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Old 03-21-2013, 02:53 PM   #1
dbrewski
 
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I have read a lot on here on the effects of trub into the fermenter, whether it matters or not. I try to get clean wort into the fermenter but unless I want to leave several gallons in the pot (I don't!) trub and break material always gets in there. I do avoid hops by whirlpooling it into the middle and leaving some wort.

I just did a 10 gallon batch where for no apparent reason I filled the first fermenter half way, then switched to the other. This second fermenter got only clear wort as a result. When it hit 5 gallons I switched back to the first, so it got all the trub and gunk. I pitched the same amount of slurry into both from a previous batch. After a day or so I saw the trub version was fermenting much more vigorously, both bubbling quicker and the wort was at a higher temp than the other. Then it finished sooner. The clean bucket is still going days later, bubbling slowly. This made me curious because the common wisdom is "it doesn't matter one way or the other". I found a post by user malticulous that linked to a research paper showing that trub was indeed beneficial (english starts on pg 76).

http://www.homebrewtalk.com/f39/what...5/#post2420349

tried to embed that link but I kept getting errors. It's a good read, here is kind of a summary:

Quote:
According to this investigation very bright worts that are free of any particulate material which is often aimed in practical operations, may lead to complications in terms of fermentation performance. This could eventually cause a deterioration in the quality of the resulting beer. Therefore, the question rises whether a very bright wort quality is still to be recommended nowadays. Moreover, it might be concluded, that connected with an optimum yeast management a moderate rather than a minimum wort turbidity is desirable not only from a technological point of view, but also in terms of a simplified and and accelerated brewhouse procedure (i.e. the steps of mash separation and whirlpooling) as well as a shortening of main fermentation. Additionally, these measures may also include economic advantages in practical operations.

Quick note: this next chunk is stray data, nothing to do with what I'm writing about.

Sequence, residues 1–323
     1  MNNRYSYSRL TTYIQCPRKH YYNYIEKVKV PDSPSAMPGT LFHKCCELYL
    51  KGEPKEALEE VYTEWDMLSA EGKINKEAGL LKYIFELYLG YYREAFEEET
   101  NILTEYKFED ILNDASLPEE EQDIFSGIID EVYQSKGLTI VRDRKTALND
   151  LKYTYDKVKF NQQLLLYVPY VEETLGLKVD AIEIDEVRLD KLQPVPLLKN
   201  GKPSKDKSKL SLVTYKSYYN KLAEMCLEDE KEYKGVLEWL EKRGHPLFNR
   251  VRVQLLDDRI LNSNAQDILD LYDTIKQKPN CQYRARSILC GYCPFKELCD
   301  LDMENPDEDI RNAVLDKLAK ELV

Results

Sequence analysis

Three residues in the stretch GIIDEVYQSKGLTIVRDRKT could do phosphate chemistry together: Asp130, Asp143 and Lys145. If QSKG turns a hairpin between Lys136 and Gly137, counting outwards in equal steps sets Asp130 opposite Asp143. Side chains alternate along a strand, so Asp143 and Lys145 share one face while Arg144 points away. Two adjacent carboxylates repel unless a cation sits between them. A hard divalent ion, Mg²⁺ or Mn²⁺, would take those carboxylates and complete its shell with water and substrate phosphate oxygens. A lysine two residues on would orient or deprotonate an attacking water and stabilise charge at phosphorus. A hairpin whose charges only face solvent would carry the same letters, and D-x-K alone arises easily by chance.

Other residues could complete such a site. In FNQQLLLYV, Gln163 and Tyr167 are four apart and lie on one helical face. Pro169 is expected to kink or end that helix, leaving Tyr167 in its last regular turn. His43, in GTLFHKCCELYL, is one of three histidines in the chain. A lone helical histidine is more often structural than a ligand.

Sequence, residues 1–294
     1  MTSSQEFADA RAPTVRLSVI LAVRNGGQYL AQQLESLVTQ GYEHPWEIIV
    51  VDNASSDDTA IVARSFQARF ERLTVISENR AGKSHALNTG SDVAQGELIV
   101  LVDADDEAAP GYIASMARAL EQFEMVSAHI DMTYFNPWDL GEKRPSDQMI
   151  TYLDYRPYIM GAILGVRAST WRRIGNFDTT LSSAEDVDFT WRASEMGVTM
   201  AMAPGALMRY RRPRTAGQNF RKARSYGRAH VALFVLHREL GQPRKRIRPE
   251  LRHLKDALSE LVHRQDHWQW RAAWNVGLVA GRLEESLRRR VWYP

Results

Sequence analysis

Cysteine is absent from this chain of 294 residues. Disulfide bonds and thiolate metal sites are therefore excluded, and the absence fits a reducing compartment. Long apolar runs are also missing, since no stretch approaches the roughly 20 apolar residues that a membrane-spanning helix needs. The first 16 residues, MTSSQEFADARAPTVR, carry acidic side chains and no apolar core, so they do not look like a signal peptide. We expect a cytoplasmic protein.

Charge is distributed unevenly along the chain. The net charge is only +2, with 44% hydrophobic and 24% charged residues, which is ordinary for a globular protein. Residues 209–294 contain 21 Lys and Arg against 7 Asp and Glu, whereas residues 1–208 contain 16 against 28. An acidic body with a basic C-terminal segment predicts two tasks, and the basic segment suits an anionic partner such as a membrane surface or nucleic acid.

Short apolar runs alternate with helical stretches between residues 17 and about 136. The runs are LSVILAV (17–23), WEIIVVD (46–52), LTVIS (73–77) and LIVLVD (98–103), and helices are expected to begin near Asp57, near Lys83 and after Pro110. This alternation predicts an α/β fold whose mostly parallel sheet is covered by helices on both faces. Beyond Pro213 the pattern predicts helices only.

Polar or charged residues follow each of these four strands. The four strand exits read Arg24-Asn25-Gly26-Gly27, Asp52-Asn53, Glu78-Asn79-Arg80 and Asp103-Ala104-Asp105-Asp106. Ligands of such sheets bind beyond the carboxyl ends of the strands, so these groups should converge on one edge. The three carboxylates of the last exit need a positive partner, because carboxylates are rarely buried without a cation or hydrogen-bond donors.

Bottom line, this report says eliminating trub altogether is actually detrimental and my little experiment seems to back that up pretty convincingly for me at least.

article link:
http://mediatum.ub.tum.de/doc/619244/619244.pdf

Reason: added link to article

 
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Old 03-21-2013, 03:02 PM   #2
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Ive seen people taking great steps to eliminate trub. Ive always dumped the whole thing in the primary. Ive never seen a adverse affect by doing so.

 
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Old 03-21-2013, 07:15 PM   #3
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There is no question that there is lots of goodness in the trub that aids in yeast health.
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Old 03-21-2013, 07:32 PM   #4
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It will be interesting to hear about flavor. What style were you making?
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Old 03-21-2013, 08:29 PM   #5
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Quote:
Originally Posted by BxBrewer View Post
Ive seen people taking great steps to eliminate trub. Ive always dumped the whole thing in the primary. Ive never seen a adverse affect by doing so.
You and me both. The only thing I leave behind is the super solid sludge at the bottom of the kettle.
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Old 03-22-2013, 01:49 AM   #6
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I don't see the benefit of going to great lengths to eliminate trub, never seen any facts showing that it is necessary. Would love to hear the if they exist.
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Old 03-22-2013, 03:04 AM   #7
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Quote:
Originally Posted by choosybeggar View Post
It will be interesting to hear about flavor. What style were you making?
Just a pale ale with simcoe/cascade, wyeast 2112. I will try to report back any differences.

Upon further reading, starting page 96 they say that hot break trub is the most beneficial, but cold is also good. A vigorous boil helps, as does a longer boil. The takeaway here is not "trub doesn't hurt". Trub is good, leads to shorter, more vigorous fermentation.

 
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